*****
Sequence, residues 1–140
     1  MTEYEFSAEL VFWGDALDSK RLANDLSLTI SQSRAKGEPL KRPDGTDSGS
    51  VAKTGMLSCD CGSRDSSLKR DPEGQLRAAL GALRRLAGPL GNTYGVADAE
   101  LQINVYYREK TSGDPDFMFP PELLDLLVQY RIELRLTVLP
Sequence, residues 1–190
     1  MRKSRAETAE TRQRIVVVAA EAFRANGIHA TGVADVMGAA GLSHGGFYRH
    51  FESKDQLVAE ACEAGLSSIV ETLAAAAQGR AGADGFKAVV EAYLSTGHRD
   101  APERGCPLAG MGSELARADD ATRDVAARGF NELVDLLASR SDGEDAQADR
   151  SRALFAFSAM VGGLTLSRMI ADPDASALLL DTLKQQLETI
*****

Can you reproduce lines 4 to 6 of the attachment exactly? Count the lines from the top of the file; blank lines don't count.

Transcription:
   101  LQINVYYREK TSGDPDFMFP PELLDLLVQY RIELRLTVLP
Sequence, residues 1–190
     1  MRKSRAETAE TRQRIVVVAA EAFRANGIHA TGVADVMGAA GLSHGGFYRH